of persons who existed just so, just then, and then,

History always repeats itself. We remain, the characters,

who leave time behind, and move on, on, on.

I want to write about many things I have seen this year.

***

The first time I saw the river Ganges, placid, calm, cool, until she claimed a life, and my toe ring. Mud so soft, so caked, so easily spread over skin just a shade lighter, submerging, coming up for air, cool water, strong undercurrents, knowing, knowing, that one slip is enough to lose it all. (Or to gain it all)

The sight of a lake so big, it was a sea, or so they said. A lake-that-is-a-sea that glittered and seduced, where heat rose, and salt remained collected on the undersides, the undersides of the lake/sea-belly, the undersides of my eyes, the undersides; that one afternoon where I sat and wrote and watched the lake glitter and remembered with so much gratitude that life is here, present, for taking, for giving, for living (but oh how easily we forget all of this)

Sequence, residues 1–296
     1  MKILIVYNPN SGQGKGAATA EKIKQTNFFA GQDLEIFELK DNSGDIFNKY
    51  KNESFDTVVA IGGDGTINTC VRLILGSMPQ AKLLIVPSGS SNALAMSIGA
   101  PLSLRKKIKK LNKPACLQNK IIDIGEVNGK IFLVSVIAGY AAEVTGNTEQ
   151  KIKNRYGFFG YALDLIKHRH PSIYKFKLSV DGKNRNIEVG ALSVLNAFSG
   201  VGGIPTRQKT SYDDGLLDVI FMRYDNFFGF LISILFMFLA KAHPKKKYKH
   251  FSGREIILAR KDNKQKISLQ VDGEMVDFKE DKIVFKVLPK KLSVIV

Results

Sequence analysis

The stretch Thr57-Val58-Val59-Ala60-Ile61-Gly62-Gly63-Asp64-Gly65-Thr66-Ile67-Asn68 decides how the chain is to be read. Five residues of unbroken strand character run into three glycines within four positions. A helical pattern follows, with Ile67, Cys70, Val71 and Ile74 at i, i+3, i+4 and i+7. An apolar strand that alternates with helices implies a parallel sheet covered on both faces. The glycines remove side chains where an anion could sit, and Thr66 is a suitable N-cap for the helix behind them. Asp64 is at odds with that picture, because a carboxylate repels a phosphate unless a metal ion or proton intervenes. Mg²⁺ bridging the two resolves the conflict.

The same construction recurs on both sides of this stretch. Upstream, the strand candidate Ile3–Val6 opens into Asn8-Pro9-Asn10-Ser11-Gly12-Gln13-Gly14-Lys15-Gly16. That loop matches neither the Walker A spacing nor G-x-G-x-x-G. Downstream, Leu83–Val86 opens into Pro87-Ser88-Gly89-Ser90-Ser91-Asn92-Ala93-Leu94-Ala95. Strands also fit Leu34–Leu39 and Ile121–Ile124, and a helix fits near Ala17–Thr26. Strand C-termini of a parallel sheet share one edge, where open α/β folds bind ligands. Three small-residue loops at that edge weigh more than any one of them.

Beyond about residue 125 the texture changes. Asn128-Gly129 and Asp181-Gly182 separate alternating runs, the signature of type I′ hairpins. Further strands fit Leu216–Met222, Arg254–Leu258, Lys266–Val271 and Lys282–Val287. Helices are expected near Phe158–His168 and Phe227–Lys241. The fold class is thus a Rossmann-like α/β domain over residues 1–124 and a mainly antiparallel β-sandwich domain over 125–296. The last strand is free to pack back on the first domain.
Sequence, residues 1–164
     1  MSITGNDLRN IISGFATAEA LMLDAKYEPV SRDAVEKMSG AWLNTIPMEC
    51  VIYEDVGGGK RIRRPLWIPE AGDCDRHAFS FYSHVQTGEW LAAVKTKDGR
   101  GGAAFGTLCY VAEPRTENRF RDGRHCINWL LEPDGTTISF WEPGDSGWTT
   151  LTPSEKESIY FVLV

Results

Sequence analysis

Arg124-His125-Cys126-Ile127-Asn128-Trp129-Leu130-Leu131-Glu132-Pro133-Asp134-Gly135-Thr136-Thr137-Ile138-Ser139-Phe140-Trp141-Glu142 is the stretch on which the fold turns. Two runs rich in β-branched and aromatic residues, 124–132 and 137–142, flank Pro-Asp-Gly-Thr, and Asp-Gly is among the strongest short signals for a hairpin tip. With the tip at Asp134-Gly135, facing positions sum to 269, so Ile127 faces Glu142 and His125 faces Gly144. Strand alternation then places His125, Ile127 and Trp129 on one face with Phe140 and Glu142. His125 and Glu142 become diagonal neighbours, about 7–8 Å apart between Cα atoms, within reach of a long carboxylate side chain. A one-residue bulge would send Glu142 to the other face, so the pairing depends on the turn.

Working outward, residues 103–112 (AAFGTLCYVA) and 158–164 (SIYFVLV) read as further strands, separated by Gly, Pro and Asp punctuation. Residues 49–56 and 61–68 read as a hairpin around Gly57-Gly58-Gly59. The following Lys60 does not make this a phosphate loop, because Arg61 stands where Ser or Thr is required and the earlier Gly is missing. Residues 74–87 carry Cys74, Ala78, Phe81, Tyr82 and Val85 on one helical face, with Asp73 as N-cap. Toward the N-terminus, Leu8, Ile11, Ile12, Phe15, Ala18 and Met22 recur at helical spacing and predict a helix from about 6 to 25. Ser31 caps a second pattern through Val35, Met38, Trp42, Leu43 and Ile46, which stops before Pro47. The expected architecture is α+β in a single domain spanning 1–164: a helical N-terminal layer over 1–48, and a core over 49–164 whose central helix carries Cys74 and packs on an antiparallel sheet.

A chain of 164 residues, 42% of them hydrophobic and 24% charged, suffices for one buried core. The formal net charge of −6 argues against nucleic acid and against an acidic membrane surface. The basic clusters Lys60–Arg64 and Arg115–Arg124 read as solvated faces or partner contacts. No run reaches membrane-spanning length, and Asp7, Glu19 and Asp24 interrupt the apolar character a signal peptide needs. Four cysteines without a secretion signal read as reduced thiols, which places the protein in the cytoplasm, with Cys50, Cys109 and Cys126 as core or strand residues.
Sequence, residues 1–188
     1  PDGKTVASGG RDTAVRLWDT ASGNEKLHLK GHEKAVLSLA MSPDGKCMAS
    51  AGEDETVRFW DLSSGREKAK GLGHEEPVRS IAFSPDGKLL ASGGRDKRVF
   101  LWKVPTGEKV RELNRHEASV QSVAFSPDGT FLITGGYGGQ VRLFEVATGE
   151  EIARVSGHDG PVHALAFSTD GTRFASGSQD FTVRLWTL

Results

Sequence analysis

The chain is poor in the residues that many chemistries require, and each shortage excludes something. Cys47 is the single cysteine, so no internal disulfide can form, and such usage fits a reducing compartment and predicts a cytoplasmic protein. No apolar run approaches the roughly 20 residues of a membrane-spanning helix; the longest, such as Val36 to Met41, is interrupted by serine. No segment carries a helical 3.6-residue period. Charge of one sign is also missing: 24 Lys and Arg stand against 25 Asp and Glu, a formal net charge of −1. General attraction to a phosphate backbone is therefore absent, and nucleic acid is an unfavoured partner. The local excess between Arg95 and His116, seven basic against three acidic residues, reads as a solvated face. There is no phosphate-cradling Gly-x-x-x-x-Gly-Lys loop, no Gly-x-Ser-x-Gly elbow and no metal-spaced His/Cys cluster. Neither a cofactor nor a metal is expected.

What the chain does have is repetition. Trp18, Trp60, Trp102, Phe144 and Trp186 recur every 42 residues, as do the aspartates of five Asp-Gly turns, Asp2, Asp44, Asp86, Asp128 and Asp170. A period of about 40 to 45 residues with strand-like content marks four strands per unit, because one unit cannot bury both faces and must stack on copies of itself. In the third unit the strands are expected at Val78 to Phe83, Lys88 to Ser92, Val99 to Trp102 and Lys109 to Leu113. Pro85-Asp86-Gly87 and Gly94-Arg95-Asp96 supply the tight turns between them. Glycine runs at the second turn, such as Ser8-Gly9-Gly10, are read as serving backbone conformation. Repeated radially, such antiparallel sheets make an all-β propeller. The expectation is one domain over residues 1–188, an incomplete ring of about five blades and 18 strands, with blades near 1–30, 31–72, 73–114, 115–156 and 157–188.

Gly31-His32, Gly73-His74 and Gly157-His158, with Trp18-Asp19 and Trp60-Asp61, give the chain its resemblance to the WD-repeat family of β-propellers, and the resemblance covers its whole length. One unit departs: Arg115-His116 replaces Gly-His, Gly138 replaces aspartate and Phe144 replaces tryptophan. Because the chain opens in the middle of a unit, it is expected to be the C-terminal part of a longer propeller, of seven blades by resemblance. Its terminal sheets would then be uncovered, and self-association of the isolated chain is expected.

The sight of that man, the one who broke my heart because my foolish heart thought it could save him. The sight of that man, the one who I couldn’t remain with, because my not-so-foolish heart knew it couldn’t save him. The sight, both times, the joy, the homecoming, the sweetness, then, the inevitable, the goodbye, no see-you-laters this time.

The sight of the clouds rolling in, so softly, so slowly, as the drizzle, so fine, so gossamer fine, landed on tired skin, the moment so perfect in its quiet, in its arrival, in its grandeur that was without assumed fanfare, the sight, oh, the sight.

The sight of my mother, just arisen from the shores of death’s calling, the relief, the sight but the relief, the sight of my mother, drips attached, unconscious, arising again, from the distant shores of pain, the worry, the sight incomparable to the worry, the sight of my mother, one I take for granted on days where mundanity overwhelms, but, the sight.